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Blast ‘Consistent With Explosion’ Detected Where Argentinian Submarine Went Missing

There are 44 crew on board.

23/11/2017 14:42 GMT | Updated 23/11/2017 16:28 GMT

Argentina says a sound detected in the missing submarine search is consistent with an explosion.

The noise was observed around the time the ARA San Juan submarine sent its last signal last week.

Navy spokesman Enrique Balbi described the blast in the morning of 15 November as “abnormal, singular, short, violent” and “non-nuclear.”

Handout . / Reuters
A crew member stands on the ARA San Juan at the port of Buenos Aires in 2014 

It was “consistent with an explosion”, he added. 

The navy did not have enough information to say what the cause of the explosion could have been or whether the ARA San Juan could have been attacked, Balbi told reporters.

A huge sea and air hunt is being conducted for the craft, which went missing with 44 crew on board.

The disappearance has plunged relatives of the crew members into an anguished wait for news and transfixed the South American country.

EITAN ABRAMOVICH via Getty Images
A man waits for news outside Argentina's Navy base in Mar del Plata 

The information about the explosion received on Thursday morning was consistent with a separate report received on Wednesday of an “acoustic anomaly” in the same area and around the same time the vessel gave its last signal, Balbi said.

“This is very important because it allows us to correlate and confirm the acoustic anomaly from the US report yesterday,” he said.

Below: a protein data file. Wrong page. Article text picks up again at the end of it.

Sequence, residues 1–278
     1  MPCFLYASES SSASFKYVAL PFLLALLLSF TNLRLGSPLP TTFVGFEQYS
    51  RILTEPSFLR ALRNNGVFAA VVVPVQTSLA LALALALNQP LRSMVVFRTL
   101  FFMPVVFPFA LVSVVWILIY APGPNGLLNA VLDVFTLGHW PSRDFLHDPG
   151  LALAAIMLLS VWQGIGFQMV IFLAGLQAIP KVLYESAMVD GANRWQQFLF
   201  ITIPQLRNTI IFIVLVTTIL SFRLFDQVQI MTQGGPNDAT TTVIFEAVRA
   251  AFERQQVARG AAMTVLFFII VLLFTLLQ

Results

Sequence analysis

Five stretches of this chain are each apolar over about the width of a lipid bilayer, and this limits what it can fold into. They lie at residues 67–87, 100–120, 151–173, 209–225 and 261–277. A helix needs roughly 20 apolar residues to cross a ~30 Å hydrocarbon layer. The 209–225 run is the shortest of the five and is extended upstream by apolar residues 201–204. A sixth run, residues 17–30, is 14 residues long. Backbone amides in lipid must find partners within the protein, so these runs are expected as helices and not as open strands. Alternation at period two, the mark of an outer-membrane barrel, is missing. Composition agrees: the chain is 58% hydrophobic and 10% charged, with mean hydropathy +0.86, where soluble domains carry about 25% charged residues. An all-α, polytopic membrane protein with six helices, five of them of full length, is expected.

The site of the abnormal sound was close to where the German-built vessel gave its last location, about 430 km off the coast.

EITAN ABRAMOVICH via Getty Images
Prayers for the missing in Buenos Aires 

Earlier on Thursday, a US embassy spokeswoman said an object detected by a US Navy plane near the area where the submarine sent its last signal turned out not to be the missing vessel. 

On Thursday it also emerged that an international nuclear test-ban body that runs a global network of listening posts designed to check for secret atomic blasts detected an “unusual signal” last week, close to where the submarine went missing. 

The Vienna-based Comprehensive nuclear Test-Ban Treaty Organisation (CTBTO) runs monitoring stations equipped with devices including hydrophones - underwater microphones that scan the oceans for sound waves. 

CTBTO engineer Mario Zampolli said: “It could be consistent with an explosion but there is no certainty about this.” 

Concerns are growing that the submarine could be near the last of its seven-day oxygen supply.

Relatives of the crew members have gathered at a naval base in the coastal city of Mar del Plata, some 400 km south of Buenos Aires, where the search is being coordinated.

The submarine was en route from Ushuaia, the southernmost city in the world, to Mar del Plata when it reported an electrical malfunction shortly before disappearing last week.

The submarine was launched in 1983 and underwent maintenance in 2008 in Argentina. Its four diesel engines and its electric propeller engines were replaced, according to specialist publication Jane’s Sentinel.